The young girls crowded around her, weeping, and imploring her not to
leave them.

Isabella's white lips parted with a strange smile. "You tell me not to
die, dear friends; do you not see that I am already dead? My heart is

The hand of the cameriera was laid upon her arm, and she whispered: "My
child, be silent; you know not what you say."

Isabella bowed her head, and then looking tenderly around at her
kneeling companions, she said: "Rise and sit by me, my dear girls, and
listen to what I am about to say, for we speak together for the last
time on earth. "

The maidens arose, and obeyed, while Isabella leaned her head for a few
moments upon the bosom of her mother's friend, the cameriera. There was
a pause, during which the poor girl seemed to have received some comfort
in those friendly arms; for she finally sighed, and, raising her head
again, she spoke solemnly, but not unnaturally.

"I had last night a singular vision," she said. "The spirit of my mother
appeared to me, and said that in three days I was to die. I believe in
this vision. Do not weep, dear sisters; I go to eternal rest. Life is
bitter, death is sweet. Pray for me, that my mother's prophetic words be
verified; and you, beloved friend of that mother," added she, kissing
the cameriera's cheek, "you who know the depths of my heart, and its
secret, silent agony, pray for your child, and praying, ask of her
heavenly Father--death."

The aja made no reply, she was weeping with the others.

Isabella contemplated the group for a moment, while a ray of life lit up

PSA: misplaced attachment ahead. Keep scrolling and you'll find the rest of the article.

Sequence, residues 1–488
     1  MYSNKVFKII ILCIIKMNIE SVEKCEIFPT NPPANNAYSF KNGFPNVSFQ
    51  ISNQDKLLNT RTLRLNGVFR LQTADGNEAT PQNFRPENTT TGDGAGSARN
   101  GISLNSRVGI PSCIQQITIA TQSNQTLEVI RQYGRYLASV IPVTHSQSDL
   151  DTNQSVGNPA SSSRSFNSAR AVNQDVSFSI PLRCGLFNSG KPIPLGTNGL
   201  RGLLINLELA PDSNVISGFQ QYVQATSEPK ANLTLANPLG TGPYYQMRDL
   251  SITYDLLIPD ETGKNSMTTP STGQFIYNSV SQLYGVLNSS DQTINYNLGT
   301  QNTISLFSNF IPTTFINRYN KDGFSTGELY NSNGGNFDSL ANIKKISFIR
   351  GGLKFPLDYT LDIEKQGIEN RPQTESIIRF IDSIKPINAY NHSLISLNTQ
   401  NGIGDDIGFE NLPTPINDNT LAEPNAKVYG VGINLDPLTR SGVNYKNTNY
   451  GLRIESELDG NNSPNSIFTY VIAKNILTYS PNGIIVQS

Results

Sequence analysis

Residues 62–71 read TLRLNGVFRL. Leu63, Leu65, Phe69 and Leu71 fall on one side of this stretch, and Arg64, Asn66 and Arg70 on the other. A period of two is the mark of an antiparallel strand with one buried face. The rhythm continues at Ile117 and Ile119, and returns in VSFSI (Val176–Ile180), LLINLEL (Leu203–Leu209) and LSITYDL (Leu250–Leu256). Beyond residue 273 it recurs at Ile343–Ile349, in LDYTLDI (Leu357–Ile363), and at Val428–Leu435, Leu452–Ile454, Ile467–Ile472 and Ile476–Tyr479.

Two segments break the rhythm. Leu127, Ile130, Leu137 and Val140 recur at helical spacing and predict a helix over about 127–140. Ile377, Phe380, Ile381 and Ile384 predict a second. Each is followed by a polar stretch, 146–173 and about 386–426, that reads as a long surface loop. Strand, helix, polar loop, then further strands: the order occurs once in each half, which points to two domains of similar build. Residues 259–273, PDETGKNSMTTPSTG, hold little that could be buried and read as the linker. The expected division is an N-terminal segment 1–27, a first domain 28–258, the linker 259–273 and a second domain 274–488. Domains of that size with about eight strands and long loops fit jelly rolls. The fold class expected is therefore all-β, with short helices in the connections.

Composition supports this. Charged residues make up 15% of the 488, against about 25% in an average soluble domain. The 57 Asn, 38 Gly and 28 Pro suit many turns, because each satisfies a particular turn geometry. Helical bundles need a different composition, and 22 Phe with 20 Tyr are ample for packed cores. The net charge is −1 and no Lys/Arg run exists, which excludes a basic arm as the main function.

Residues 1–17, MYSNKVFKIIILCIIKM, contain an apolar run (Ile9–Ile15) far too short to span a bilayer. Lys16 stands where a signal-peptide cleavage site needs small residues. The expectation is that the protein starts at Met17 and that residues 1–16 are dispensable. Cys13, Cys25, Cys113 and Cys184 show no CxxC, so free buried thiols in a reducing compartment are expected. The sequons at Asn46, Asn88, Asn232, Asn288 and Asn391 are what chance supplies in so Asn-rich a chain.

her eyes, showing that, even now, it was sad to part from her friends
forever. But the expression was momentary. Her face returned to its
deadly paleness, as gasping for breath, she stammered:
"Now--now--for--my father! Estrella, go to the apartments of the duke,
and say that I desire an interview with his royal highness."

The young girl returned in a few moments with an answer. His royal
highness had that morning gone some distance in the country on a hunting
excursion, and would be absent for several days.

Isabella looked at the cameriera, who still stood beside her, and her
pale lips quivered. "Did I not know it?" whispered she; "I told you
truly, HE did it! God forgive him, I cannot.--And now," continued she,
aloud, "now to my last earthly affairs."

So saying, she called for her caskets of jewels and divided them between
the young maids of honor; and cutting from her hair one rich, massy
lock, she placed it in Estrella's hand, saying, "Share it among you

To the cameriera she gave a sealed packet, and then bade them leave her
to herself; for the ringing of the chapel bell announced the departure
of the priest thence, with the blessed sacrament.

The sacred rites were ended. On her knees the Princess Isabella had made
her confession, and had revealed to the shuddering priest the horrible
secrets of the preceding night. She had received absolution, and had
partaken of the holy communion.

"Now, my child," said the priest, in a voice tremulous with sympathy,
"you have received the blessing of God, and you are prepared for His
coming. May He be merciful to you, and grant your prayer for release
from this earth! I, too, will pray that your martyrdom be short."

"Amen!" softly murmured Isabella.

"But the ways of the Lord are inscrutable, and it may be that He wills
it otherwise. If, in His incomprehensible wisdom, He should declare that
your days shall be long on this earth, promise me to endure your lot
with resignation, nor seek to hasten what He has deemed it best to

"I promise, holy father."

"Make a vow, then, to the Lord, that by the memory of your mother you
will fulfil every duty that presents itself to you in life, until God
has spoken the word that will call you to Himself."

"I swear, by the memory of my mother, that I will live a life of
resignation and of usefulness until God in His mercy, shall free me from
my prison."